Research Paper Number



John Reynolds

Document Type


Publication Date



British empire; colonialism; derogation; emergency powers; martial law; rule of law; state of emergency; state of exception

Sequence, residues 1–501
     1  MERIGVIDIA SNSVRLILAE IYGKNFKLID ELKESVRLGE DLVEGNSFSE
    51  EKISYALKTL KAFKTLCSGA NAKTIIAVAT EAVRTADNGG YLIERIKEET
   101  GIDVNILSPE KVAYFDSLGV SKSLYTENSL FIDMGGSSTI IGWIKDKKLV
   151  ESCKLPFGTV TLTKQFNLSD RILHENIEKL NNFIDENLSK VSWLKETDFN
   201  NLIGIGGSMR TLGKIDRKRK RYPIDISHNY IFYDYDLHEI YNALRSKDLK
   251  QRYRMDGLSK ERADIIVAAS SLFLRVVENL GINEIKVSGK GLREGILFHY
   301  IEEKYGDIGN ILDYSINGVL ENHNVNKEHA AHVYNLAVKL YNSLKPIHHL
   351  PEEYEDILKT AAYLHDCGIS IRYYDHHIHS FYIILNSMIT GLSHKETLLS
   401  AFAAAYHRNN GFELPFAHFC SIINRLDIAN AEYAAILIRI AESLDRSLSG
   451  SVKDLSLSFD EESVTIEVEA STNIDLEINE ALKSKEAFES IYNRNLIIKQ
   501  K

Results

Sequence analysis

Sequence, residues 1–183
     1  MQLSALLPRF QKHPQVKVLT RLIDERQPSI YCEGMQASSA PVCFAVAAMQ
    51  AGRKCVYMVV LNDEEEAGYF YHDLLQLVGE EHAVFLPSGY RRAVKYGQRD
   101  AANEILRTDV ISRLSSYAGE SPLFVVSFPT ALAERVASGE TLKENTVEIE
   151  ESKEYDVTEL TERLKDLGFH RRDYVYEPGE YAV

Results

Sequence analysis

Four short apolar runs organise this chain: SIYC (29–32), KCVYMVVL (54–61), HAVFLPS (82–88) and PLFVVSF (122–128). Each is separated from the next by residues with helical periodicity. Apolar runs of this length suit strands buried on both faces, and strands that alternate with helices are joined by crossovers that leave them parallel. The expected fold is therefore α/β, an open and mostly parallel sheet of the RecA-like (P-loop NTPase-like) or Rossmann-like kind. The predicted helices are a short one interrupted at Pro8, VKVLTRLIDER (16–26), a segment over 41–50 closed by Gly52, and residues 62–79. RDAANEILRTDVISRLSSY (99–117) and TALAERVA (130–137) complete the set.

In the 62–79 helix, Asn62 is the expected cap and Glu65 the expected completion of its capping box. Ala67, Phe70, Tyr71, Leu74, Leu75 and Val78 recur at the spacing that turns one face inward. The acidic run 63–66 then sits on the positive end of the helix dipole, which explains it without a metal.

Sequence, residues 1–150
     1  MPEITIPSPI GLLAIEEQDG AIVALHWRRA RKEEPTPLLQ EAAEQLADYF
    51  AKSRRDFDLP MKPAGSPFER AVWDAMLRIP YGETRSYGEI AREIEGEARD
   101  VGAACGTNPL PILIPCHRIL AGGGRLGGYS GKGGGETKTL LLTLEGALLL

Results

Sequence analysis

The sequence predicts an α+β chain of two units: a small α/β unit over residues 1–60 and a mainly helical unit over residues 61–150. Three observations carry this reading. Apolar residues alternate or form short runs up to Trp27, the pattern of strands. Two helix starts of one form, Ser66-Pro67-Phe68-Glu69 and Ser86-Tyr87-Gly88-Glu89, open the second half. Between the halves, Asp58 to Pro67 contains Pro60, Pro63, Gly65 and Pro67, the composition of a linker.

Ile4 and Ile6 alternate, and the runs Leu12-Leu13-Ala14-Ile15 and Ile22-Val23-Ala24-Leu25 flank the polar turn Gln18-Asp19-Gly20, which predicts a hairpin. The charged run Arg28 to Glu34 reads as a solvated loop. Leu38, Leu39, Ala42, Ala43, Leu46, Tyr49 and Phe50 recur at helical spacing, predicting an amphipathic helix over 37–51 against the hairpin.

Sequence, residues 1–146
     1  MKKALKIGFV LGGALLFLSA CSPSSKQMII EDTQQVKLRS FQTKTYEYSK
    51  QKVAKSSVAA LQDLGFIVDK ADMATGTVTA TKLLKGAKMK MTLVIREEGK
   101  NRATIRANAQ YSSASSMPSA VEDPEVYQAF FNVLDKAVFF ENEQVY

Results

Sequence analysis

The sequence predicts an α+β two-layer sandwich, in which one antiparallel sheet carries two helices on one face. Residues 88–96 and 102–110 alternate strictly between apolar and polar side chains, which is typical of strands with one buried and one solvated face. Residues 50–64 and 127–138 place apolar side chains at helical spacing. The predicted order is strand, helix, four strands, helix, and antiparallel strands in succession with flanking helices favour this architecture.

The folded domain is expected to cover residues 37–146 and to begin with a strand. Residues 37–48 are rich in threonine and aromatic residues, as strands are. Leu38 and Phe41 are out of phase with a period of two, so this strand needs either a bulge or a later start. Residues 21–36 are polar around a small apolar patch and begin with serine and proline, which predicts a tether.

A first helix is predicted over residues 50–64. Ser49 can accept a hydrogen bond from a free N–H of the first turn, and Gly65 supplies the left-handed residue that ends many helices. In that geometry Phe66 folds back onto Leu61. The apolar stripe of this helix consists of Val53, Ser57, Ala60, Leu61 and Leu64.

Amidst the post-war turn to transcend international law’s traditional power structures in the narration and codification of individual rights, colonial interests and legal philosophies retained an influence on the framing of human rights discourse. This essay explores the extent to which the particular conception of the ‘state of emergency’ that was distilled into the normative framework of international human rights law at its inception stemmed specifically from Britain’s traditions of colonial governance and legislation. The evolution of emergency law is traced from martial law in England and the ‘first empire’, through British emergency legislative codes in Ireland and India in the nineteenth century, to the wholesale resort to emergency powers in the colonies as the empire began to fragment. The genesis of the emergency derogation provisions in the International Covenant on Civil and Political Rights and European Convention on Human Rights is appraised in the light of the colonial emergency context that formed the backdrop to their drafting. The essay argues that the accommodation of colonial interests at that point embedded a hegemonic legal tool that remains ripe for exploitation by regimes of all stripes inclined to repress opposition and dissent in a ‘post-colonial’ era. In the illumination of the colonial shadows from which the doctrine of emergency emerged, the state of emergency is revealed as a vehicle for law’s violence, grounded in dynamics of domination.